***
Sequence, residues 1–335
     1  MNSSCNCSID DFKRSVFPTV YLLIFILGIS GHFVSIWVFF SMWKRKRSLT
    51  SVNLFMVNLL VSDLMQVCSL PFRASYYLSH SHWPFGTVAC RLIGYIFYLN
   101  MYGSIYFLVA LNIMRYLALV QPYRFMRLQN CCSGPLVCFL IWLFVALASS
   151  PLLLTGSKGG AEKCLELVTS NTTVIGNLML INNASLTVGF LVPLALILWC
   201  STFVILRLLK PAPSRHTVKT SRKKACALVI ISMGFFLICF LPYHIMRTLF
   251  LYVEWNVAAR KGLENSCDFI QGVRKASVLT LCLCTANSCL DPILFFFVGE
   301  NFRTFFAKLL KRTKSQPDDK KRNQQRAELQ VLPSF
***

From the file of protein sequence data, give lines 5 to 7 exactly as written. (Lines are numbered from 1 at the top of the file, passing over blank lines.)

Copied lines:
   151  PLLLTGSKGG AEKCLELVTS NTTVIGNLML INNASLTVGF LVPLALILWC
   201  STFVILRLLK PAPSRHTVKT SRKKACALVI ISMGFFLICF LPYHIMRTLF
   251  LYVEWNVAAR KGLENSCDFI QGVRKASVLT LCLCTANSCL DPILFFFVGE